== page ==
- Flattening yield curve reflects lower inflation expectations
- The Fed will likely increase rates again this year and two or three times next year
- Corporate credit quality remains stable to slightly better
One measure we pay particular attention to when managing fixed income portfolios is the slope of the yield curve (measured by the difference between two-year and 10-year Treasury yields). This measure reflects the bond market’s consensus estimate of the future path of interest rates, which is based on both the Fed’s monetary policy as well as inflation expectations.
During the second quarter, we saw the slope of the yield curve decline materially, from 113 basis points (bps) to 91 bps at month’s end. Although some of this flattening was due to the Fed’s mid-June rate increase, most of it was due to a decline in 10-year yields. This is important because it implies a change in market expectations, in this case declining inflation expectations.
Lower inflation expectations have reduced market expectations regarding additional rate increases by the Fed. The market is signaling that it anticipates only one or two more hikes by the end of 2018. This contrasts with Fed projections of four additional rate hikes, supported by low unemployment with inflation of about 2%.
City National Rochdale expects the Fed will likely raise rates again later this year and perhaps two or three times next year, with long-term rates rising only modestly.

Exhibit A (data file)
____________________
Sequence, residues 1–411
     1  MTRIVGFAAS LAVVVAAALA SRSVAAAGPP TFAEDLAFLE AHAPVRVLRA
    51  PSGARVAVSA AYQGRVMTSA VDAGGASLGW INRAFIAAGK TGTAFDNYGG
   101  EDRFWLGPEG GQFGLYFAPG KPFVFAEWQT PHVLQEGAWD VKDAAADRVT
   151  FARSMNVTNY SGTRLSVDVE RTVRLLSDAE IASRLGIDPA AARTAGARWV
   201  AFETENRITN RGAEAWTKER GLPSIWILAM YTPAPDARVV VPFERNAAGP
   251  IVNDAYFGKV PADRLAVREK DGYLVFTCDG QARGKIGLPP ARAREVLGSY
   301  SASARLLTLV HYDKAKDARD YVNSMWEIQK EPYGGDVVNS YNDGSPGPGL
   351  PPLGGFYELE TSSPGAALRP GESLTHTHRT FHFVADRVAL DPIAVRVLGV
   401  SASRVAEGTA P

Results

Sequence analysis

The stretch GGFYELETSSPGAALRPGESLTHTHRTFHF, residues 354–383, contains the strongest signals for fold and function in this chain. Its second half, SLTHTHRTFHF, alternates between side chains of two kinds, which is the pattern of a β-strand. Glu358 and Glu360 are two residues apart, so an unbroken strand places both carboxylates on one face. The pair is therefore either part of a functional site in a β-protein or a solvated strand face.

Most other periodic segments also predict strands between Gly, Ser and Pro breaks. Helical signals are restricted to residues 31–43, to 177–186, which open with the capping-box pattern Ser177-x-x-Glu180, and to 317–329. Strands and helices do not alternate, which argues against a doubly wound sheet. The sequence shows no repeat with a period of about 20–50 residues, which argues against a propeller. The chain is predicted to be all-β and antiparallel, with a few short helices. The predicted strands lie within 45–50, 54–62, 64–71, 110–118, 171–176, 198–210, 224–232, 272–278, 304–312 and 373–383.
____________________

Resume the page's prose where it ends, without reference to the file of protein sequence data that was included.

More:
We also track corporate credit spreads, the incremental amount of yield that corporates offer over Treasuries. When credit quality deteriorates, corporate yields increase relative to Treasury rates. Corporate spreads declined modestly during the quarter, indicating stable to slightly improving credit quality. Leverage is higher, but this has been offset by lower interest costs, and we expect positive earnings growth going forward.
Even though corporate spreads are lower than in prior years, they reflect stable credit conditions and result in yields that are more attractive than Treasuries. Given a stable macroeconomic environment with rising earnings, we remain comfortable with our allocations to corporate bonds. That said, we will look for opportunities to increase overall credit quality by swapping lower-rated issuers for higher-rated ones when the yield difference is minimal.
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